Researchers have already predicted that a more acidic ocean will make it more difficult for corals to build their calcium carbonate skeletons. The new finding suggests that the reef's broader structure may also suffer because a lower pH reduces the formation of the reef's cement binder. The binder is made from calcium carbonate that precipitates out of ocean water when it rushes through the pores of coral skeletons.
"Until now, we've mostly addressed acidification in terms of what it does to the living organism," said study author Joan Kleypas of the National Center for Atmospheric Research in Boulder, Colo.
"Here we're finding that the reef structure itself can certainly feel the effect of ocean acidification, even if the biology somehow finds a way to cope with acidification. This is mainly an inorganic process, so we're looking at something that will happen regardless of what the biology does."
The researchers made their findings by comparing places around the world where CO2 levels in the ocean vary naturally.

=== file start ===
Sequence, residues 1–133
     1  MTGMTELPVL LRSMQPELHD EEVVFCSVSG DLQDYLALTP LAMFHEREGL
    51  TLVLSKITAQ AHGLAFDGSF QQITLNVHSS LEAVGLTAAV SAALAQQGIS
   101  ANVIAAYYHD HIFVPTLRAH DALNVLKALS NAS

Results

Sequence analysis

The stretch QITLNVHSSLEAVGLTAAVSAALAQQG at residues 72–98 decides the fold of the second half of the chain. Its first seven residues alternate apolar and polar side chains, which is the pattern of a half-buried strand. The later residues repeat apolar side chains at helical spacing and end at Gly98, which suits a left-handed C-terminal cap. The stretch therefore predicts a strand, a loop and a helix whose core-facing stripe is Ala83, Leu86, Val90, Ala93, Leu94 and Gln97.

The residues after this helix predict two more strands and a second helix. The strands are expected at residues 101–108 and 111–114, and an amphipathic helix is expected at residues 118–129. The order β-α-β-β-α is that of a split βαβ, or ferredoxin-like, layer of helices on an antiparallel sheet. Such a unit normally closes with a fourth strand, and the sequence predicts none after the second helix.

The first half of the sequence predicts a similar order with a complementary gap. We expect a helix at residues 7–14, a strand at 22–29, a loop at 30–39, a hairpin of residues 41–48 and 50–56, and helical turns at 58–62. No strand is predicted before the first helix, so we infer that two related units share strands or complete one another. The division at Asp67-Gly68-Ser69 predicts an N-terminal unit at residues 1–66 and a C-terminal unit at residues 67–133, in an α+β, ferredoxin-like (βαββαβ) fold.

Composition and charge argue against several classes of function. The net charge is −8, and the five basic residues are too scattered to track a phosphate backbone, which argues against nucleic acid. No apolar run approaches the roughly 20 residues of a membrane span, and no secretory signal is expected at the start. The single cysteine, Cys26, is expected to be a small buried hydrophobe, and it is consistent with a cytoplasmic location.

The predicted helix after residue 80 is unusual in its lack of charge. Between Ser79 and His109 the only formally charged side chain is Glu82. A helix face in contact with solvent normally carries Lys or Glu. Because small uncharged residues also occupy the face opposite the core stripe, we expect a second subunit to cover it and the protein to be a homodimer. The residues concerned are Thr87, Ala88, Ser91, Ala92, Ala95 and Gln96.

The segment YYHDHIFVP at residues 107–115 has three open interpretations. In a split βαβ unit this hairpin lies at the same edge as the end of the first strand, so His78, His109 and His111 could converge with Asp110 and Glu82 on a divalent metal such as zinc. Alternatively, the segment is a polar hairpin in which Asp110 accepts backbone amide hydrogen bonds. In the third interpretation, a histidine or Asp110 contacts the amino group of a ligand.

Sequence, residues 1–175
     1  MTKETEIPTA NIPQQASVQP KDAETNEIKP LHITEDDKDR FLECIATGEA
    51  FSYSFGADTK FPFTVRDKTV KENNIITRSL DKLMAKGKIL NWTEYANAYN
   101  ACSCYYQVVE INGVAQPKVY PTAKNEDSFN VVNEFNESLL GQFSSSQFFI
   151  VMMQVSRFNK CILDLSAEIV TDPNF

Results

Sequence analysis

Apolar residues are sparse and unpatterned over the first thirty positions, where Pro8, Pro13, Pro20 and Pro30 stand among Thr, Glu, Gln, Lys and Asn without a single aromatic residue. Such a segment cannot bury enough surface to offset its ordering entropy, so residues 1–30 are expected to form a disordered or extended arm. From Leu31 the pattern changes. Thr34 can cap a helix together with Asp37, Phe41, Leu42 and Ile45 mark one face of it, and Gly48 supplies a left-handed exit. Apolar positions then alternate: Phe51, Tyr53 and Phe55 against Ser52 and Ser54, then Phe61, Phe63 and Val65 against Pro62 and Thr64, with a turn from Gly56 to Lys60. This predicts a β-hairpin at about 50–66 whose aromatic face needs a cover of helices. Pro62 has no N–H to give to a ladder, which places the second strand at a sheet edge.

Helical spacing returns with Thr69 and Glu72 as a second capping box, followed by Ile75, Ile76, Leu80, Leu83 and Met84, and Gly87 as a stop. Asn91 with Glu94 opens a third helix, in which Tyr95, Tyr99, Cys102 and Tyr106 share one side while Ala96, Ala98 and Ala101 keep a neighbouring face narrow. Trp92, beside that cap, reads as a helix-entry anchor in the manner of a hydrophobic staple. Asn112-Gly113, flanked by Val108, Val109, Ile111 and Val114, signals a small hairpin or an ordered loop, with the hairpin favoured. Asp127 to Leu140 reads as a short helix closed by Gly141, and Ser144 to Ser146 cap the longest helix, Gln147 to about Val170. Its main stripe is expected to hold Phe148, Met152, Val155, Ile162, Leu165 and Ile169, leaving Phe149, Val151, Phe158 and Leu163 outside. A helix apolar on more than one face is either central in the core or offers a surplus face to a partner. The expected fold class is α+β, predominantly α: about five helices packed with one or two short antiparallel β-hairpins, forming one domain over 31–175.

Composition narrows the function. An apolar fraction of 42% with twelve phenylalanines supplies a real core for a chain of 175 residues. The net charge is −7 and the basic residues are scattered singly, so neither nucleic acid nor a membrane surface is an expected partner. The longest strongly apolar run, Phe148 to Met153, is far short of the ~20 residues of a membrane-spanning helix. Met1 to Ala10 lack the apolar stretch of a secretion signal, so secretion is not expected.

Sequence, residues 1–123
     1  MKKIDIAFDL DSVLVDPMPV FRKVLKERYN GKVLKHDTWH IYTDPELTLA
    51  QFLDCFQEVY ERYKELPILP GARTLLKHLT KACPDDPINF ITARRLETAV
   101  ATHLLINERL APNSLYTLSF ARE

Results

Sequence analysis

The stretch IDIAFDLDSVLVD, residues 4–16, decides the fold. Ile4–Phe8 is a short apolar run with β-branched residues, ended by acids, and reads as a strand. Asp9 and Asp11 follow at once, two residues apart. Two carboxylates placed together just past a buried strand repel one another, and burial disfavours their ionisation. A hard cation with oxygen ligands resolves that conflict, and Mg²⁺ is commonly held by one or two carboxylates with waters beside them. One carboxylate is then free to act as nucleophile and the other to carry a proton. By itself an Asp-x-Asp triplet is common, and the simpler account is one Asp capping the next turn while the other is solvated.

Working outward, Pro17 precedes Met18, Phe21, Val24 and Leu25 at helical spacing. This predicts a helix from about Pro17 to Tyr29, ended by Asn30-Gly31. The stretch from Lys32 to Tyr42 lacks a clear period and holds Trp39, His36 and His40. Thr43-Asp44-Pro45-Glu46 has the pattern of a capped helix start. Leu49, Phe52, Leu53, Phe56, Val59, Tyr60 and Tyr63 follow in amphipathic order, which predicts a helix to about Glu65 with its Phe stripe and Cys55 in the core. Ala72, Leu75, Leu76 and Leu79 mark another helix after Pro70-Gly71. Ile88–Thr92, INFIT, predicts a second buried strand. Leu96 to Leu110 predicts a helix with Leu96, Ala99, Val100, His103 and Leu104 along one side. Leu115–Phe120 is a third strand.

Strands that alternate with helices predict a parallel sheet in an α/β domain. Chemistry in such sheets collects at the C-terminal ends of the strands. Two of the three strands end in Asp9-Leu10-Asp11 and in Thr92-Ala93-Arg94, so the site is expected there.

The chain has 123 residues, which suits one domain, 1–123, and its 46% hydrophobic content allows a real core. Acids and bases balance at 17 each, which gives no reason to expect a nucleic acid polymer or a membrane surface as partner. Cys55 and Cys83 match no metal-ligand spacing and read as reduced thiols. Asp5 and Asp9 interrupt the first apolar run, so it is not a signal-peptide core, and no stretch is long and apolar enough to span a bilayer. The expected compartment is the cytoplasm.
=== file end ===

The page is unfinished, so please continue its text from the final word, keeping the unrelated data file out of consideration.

The eastern tropical Pacific Ocean, near the Galapagos Islands, has particularly high CO2 concentrations because it is an upwelling spot where deeper waters, enriched in CO2 by microbial degradation of organic matter down below, rise to the surface.
"The eastern Pacific is in essence a natural laboratory to study how coral reef ecosystems are structured and function under these acidic conditions," said study author Derek Manzello of the University of Miami.
The researchers made measurements of the seawater and the amount of coral cement present in reefs near the Galapagos, and compared those with levels found near the Pacific coast of Panamá, and with those in the Bahamas.
Reefs in the Galapagos had the highest levels of carbon dioxide, which corresponded to water less saturated with carbonate ions -- and only trace amounts of cement on the reefs.